Oftentimes, what we describe as absconding is actually collapse from varroa mites. Some of the confusion is due to the speed at which the collapse occurs and the size of the affected colony, which may be huge. In addition, the act of absconding is rarely seen and the colony is seldom found.
But this week I heard from two beekeepers in Los Angeles who actually watched their colony leave the hive and disappear. The colony was known to have mites because varroa-bedecked dead bees had been recovered from their swimming pool. Other aspects of the hive also look like varroa collapse, including a small circle of shot brood and plenty of honey left behind.
John and Jen Petrovich did a thorough write-up of what they saw, and I thought it was fascinating. With their permission, I’m posting their story below along with some photos. The text was edited for clarity.
If you have any insight as to what happened, we would love to hear from you.
[Note: This post updated on 11/16/2017 with additional photos.]
Witnesses to an absconding colony
“My wife and I are backyard beekeepers and actually witnessed an absconding yesterday, November 12. We wanted to share what the experience was like and also give a few complicating factors. Here are the details:
We trapped a feral swarm in April by setting up an old hive body and supers in our backyard. The colony grew very fast. We had an exceedingly hot summer here in Los Angeles, so there was lots of bearding and apparent overcrowding in the hive. It was a two-box stack—both full size—with a queen excluder in the middle. In an attempt to give them more room, we put another small box under the queen excluder and a second full-size box above it.
Varroa mites were present
The bee traffic in and out of the hive was phenomenal all summer long and they were putting up lots of honey in the honey dome above the excluder. We have a swimming pool, and when inspecting the bees that fell into the pool, we noticed that some did have varroa mites on them, but by no means all. (No scientific sampling done, just looking at random dead bees). We decided not to treat (It’s hard to do in California anyway, without an applicator’s license).
By the middle of October, we noticed the in-and-out traffic was significantly lower. We weren’t disturbed by this because we know there is usually a drop off in the late summer/early fall. We saw the same foraging behavior, just not as heavy. This was the case even up to Saturday this past weekend: plenty of bees, plenty of activity in the hive working on the honey super, etc. The last hive we had survived for over 3 years and there never seemed to be any problem for them finding sources of nectar and pollen. There’s always something blooming year-round in LA, and we grow a lot of plants in our garden that provide a good source right near the hive.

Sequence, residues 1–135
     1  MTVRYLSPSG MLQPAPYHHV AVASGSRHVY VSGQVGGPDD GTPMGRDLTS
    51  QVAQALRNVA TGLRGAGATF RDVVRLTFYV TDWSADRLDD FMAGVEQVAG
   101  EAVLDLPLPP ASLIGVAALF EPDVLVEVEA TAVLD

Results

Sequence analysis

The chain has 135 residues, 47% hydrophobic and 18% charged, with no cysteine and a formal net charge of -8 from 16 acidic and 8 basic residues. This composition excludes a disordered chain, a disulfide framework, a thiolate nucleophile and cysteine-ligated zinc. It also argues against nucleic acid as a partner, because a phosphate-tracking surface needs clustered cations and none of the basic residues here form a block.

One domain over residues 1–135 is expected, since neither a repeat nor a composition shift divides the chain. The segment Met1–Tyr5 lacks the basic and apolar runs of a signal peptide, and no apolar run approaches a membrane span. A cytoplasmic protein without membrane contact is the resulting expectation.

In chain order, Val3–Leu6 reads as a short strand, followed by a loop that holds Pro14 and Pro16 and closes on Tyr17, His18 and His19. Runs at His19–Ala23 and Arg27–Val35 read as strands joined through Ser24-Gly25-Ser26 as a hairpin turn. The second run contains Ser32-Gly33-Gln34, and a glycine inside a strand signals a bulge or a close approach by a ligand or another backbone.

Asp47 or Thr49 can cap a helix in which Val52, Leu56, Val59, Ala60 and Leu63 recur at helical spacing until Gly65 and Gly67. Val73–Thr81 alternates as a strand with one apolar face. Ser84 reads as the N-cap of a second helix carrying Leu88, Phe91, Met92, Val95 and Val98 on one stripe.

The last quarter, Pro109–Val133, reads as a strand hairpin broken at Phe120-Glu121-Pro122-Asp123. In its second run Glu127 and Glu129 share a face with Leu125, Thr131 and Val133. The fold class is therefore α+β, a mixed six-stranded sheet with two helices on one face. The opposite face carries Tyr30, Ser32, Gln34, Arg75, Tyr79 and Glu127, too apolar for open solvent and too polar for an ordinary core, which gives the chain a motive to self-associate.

A bee cloud forms and leaves
Yesterday morning, we noticed that a small “bee cloud” was forming in front of the hive. This was new behavior, so we watched it throughout the day. By about 4 pm (about an hour before sundown) the bee cloud expanded and the entire backyard (about a 50′ x 50′ area) was full of bees just flying around randomly, so many that you would not be comfortable anywhere in the backyard without being suited up (normally not the case).
As it got closer to sundown, the extended bee cloud in the entire backyard began to dissipate, but in looking at the hive continuing into the early evening after sundown, we witnessed a steady stream of bees leaving the hive. They would walk out the hive opening, up the face of the hive to the top of the stack of boxes, and then take off (even though it was quite dark in the early evening). By 9 pm there was very little activity in the hive, and the normal “hum” of the bees was all but gone.
Inside the empty hive
We opened the hive up this morning thinking that we might find that it was a varroa mite-induced colony collapse after reading this article and the other one you posted about varroa mites. What we found left us scratching our heads. Above the queen excluder there was a ton of honey left behind, probably about a gallon and a half of honey in the top box of the honey dome and none in the next one down, just some comb being built out. Only a few dozen bees left in the upper supers, apparently ones that didn’t get the memo on the evacuation. This is consistent with what you wrote about a varroa induced colony collapse.
When we got down below the queen excluder, though, the story was completely different. As we pulled out frames from the half super and the original full hive body box, every bit of comb was absolutely clean, no honey, no pollen, and very little brood left behind. All very clean and neatly uncapped, none of the evidence that the honey was cleaned out by parasites, no moths, no beetles (we found 3 or 4 beetles, but no evidence of an infestation or damage to the comb). No bees at all left in the hive body, and no dead bees in the bottom of the hive. If we looked just at the hive body, we would swear that it was a textbook absconding.
Anyway, that’s our story. We’d be interested in your thoughts. We decided to write when we read in your article that very few people actually have witnessed an absconding, so we wanted to contribute to the knowledge with what we saw.
None of us are perfect beekeepers, but we strive to do our best based on our individual skills and knowledge. I greatly admire folks like John and Jen who are willing to share experiences so that we all may learn and develop our abilities. I especially appreciate the opportunity to see something I haven’t seen before, so thank you. —Rusty.